Over 200,000 vote in Hong Kong’s pro-democracy primaries

Hong Kong’s pro-democracy camp is using the primaries as a guide to field the best candidates in the official legislative election in September. (AFP)
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Updated 12 July 2020

Over 200,000 vote in Hong Kong’s pro-democracy primaries

  • Exercise being held two weeks after Beijing imposed a sweeping national security law on the semi-autonomous territory

HONG KONG: Hundreds of thousands of Hong Kongers turned up over the weekend to vote in an unofficial two-day primary election held by the city’s pro-democracy camp as it gears up to field candidates for an upcoming legislative poll.
The exercise is being held two weeks after Beijing imposed a sweeping national security law on the semi-autonomous territory in a move widely seen as chipping away at the “one country, two systems” framework under which Britain handed Hong Kong over to China in 1997. It was passed in response to last year’s massive protests calling for greater democracy and more police accountability.
Throngs of people lined up at polling booths in the summer heat to cast their vote despite a warning by Hong Kong’s constitutional affairs minister, Eric Tsang last week that the primaries could be in breach of the new national security law, because it outlaws interference and disruption of duties by the local government.
Organizers have dismissed the comments, saying they just want to hold the government accountable by gaining a majority in the legislature.
The legislation prohibits what Beijing views as secessionist, subversive or terrorist activities or as foreign intervention in Hong Kong affairs. Under the law, police now have sweeping powers to conduct searches without warrants and order Internet service providers and platforms to remove messages deemed to be in violation of the legislation.
On Friday, police raided the office of the Public Opinion Research Institute, a co-organizer of the primary elections. The computer system was suspected of being hacked, causing a data leak, police said in a statement, and an investigation is ongoing.
Hong Kong’s pro-democracy camp, which includes multiple parties, is attempting to join forces and use the primaries as a guide to field the best candidates in the official legislative election in September. Its goal is to win a majority in the legislature, which is typically skewed toward the pro-Beijing camp.
To hold the primary elections, pro-democracy activists had raised money via crowd funding. They pledged to veto the government’s budget if they clinch a majority in the legislature. Under the Basic Law, under which Hong Kong is governed, city leader Carrie Lam must resign if an important bill such as the budget is vetoed twice.
On Saturday alone, nearly 230,000 people voted at polling booths set up across the city, exceeding organizers’ estimates of a 170,000 turnout over the weekend.


Priest who shared stage with Modi tests positive; India sees record number of cases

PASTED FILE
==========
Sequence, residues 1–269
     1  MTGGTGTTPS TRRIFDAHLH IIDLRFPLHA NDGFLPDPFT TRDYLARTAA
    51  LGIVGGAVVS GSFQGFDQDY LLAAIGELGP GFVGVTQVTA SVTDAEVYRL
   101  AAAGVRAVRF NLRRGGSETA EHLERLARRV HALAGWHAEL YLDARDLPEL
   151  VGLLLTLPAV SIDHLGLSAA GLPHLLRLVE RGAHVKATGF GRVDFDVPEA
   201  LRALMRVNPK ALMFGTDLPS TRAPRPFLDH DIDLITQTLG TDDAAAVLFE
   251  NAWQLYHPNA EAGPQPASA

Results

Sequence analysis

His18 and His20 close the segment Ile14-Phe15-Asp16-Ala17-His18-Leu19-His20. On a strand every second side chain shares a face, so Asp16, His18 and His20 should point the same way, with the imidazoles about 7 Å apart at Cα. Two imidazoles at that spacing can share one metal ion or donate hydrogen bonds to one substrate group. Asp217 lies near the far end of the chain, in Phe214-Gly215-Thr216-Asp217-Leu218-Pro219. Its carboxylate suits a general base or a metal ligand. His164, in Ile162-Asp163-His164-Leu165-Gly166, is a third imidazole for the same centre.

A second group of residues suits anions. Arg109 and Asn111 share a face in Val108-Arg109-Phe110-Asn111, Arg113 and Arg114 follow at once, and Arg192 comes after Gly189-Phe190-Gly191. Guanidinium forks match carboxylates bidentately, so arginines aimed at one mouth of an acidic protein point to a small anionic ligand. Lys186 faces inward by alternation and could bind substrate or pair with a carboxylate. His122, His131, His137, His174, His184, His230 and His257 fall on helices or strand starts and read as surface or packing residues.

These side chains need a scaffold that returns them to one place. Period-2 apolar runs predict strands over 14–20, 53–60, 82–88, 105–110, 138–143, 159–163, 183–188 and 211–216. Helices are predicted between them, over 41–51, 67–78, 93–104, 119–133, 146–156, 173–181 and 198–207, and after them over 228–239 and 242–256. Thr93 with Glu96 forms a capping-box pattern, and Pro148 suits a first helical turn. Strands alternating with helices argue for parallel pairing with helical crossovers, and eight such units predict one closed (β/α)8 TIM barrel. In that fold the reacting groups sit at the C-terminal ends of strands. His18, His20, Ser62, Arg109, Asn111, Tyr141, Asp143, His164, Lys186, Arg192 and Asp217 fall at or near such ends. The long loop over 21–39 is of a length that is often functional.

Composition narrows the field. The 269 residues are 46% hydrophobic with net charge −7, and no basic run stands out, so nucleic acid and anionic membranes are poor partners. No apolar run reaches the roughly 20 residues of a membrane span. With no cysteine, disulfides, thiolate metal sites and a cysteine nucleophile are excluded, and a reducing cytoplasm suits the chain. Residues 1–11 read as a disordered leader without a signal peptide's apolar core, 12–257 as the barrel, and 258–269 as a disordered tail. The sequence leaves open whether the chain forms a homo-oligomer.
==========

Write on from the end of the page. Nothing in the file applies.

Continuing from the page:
Updated 13 August 2020

Priest who shared stage with Modi tests positive; India sees record number of cases

  • Nritya Gopal Das, an 82-year-old Hindu priest, was the latest public figure to test positive
  • Television footage showed Modi holding Das’ hands and bowing before him

LUCKNOW, India: India reported another record jump in its surging coronavirus cases on Thursday with nearly 67,000 new infections, among them a religious leader who shared a stage with Prime Minister Narendra Modi during a ceremony to launch construction of a grand temple.
Nritya Gopal Das, an 82-year-old Hindu priest, was the latest public figure to test positive after a string of Modi’s top cabinet colleagues were stricken with COVID-19, including interior minister Amit Shah.
With Thursday’s jump of 66,999 cases India now has nearly 2.4 million infections, according to the Health Ministry, behind only the United States and Brazil. For the last fortnight, it has been reporting 50,000 cases or more each day as it opens up the country after a months-long lockdown. Its COVID-19 death toll stands at 47,033.
Modi and Das were among 170 people who attended the Aug. 5 launch of the temple construction in the northern town of Ayodhya.
Dr. Murli Singh, director of information in Ayodhya, said Das had tested positive and was being moved to a hospital near Delhi. But he added that at the time of the ceremony the priest tested negative and so had not posed an infection risk to Modi.
Television footage showed Modi held Das’ hands and bowed before him. Modi’s office did not respond to a request for comment.
Singh said people invited for the launch were all clear of the virus at the time.
“Guidelines were sent to all that only COVID-19 negative people will be allowed in the ceremony,” he said, adding doctors on the ground in Ayodhya had run tests before the event started.
The planned temple at Ayodhya is on a disputed site where Hindu groups have campaigned for decades.
Separately on Wednesday, a government committee said that the country would utilize its large vaccine manufacturing capacity to urgently deliver any potential COVID-19 vaccine to its neighbors and low-income countries.